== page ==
Mr. Adam Bennett, Mr. Eduardo Borensztein, and Mr. Tomás J. T. Baliño
Dollarization - the holding by residents of a substantial portion of their assets in foreign-currency-denominated assets- is a common feature of developing and transition economies, and therefore typical of many countries with IMF - supported adjustment programs. This paper analyzes policy issues that arise-and various monetary strategies that may be pursued- when the monetary sector is dollarized, and it considers the implications that dollarization has for the design of IMF programs.
Mr. Dominique Desruelle, Mr. Robert A Feldman, Mr. Klaus-Stefan Enders, Mr. Karim A. Nashashibi, Mr. Peter Allum, Heliodoro Temprano-Arroyo, Mr. Roger Nord, and Mr. Robert Brandon Kahn
In the Summer of 1998, the Executive Board discussed a set of three papers prepared by the staff that focused on the likey impact of EMU on selected non-EU countries. In recognition of the contribution these papers could make to the literature and discussion of EMU, the Board requested that this collection of papers be published. This Occasional Paper presents the three papers in one volume Chapter 1 provides an analysis of the likely impact of EMU on three regions: Central and Eastern Europe, the Mediterranean Basin, and the African CFA zone. Chapter 2 focuses on the trade and financial effects of EMU on selected transition and Mediterranean countries. And Chapter 3 considers the possible implications of EMU for the Middle East and North Africa region.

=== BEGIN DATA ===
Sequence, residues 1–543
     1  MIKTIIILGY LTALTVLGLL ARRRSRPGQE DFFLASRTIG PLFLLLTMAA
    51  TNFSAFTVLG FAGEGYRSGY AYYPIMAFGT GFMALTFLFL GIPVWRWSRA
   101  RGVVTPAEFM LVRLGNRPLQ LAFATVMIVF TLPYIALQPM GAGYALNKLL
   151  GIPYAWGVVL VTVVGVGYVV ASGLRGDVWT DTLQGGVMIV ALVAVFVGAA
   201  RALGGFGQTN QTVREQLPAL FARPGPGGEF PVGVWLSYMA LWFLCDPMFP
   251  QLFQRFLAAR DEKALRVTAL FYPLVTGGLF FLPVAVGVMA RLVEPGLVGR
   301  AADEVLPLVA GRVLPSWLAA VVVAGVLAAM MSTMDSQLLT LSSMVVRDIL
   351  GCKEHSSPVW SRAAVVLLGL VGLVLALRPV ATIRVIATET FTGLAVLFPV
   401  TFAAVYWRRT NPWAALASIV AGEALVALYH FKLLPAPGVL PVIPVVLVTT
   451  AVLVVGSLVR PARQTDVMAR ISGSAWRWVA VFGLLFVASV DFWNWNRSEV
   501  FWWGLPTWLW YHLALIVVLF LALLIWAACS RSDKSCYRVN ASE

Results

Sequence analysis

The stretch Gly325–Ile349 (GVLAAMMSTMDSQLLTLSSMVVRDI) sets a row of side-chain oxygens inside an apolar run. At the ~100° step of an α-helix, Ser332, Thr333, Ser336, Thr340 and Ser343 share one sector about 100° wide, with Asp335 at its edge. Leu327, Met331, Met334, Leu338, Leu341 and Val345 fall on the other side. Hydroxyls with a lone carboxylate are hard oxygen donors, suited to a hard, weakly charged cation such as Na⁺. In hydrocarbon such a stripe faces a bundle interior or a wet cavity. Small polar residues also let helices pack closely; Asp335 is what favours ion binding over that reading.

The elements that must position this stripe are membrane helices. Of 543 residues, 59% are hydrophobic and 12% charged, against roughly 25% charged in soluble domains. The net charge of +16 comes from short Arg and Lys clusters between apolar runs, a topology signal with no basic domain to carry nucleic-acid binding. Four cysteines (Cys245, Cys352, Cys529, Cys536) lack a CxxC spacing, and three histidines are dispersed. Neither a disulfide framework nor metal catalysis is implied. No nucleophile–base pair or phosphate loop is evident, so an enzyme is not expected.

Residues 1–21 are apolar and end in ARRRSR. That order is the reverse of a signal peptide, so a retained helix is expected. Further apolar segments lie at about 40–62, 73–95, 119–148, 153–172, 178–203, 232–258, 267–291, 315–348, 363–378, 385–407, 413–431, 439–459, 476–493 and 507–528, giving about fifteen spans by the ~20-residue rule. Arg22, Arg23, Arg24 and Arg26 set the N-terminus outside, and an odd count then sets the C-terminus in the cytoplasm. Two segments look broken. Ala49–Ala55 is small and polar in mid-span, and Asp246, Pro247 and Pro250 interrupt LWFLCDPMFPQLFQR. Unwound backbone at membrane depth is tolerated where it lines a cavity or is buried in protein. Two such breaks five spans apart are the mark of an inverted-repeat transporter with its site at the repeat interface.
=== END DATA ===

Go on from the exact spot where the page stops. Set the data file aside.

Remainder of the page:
Ms. Françoise Le Gall, Ms. L. Effie Psalida, Mr. Pietro Garibaldi, Mr. Julian Berengaut, Mr. Jerald A Schiff, Ms. Kerstin Westin, Mr. Augusto López-Claros, Mr. Richard E Stern, and Mr. Dennis Jones
Are the three Baltic countries, Latvia, Estonia, and Lithuania, ready for accession to the European Union? Have their economies overcome the problems of transition? The answers to these questions and their implications for policy are provided in this collection of analyses. Rather than a country-by-country description, the volume provides a cross-country perspective of developments from 1994 through mid-1997. The seven sections of this paper discuss recent macroeconomic and structural policies, exchange rate regimes, fiscal issues, financial systems, private sector development, and accession to the European Union.
Mr. Barry J. Eichengreen, Ms. Inci Ötker, Mr. A. J Hamann, Mr. Esteban Jadresic, Mr. R. B. Johnston, Mr. Hugh Bredenkamp, and Mr. Paul R Masson
In a world of increasing capital mobility and broadening and more diversified trade, many (but not all) developing and transition economies are likely to find it desirable to move from relatively fixed exchange rate regimes to regimes of greater exchange rate flexibility. This paper suggests why, and considers strategies that countries may consider for such a move. It reinforces this discussion with a review of experience from teh past two decades with alternative exchange rate regimes. The paper also identifies policies that can facilitate the transition to greater exchange rate flexibility for countries that wish to pursue this option.
Poland was the first centrally planned economy in Eastern Europe to leave the Soviet bloc and introduce systemic reforms in all sectors of the economy. The transformation of the National Bank from a monobank to an institution of a market-based system and the Polish financial sector into a market-oriented banking system was an important element of the reform process and received strong support from the IMF and the international community. This paper describes the steps taken by the National Bank, analyzes the monetary situation, and makes recommendations.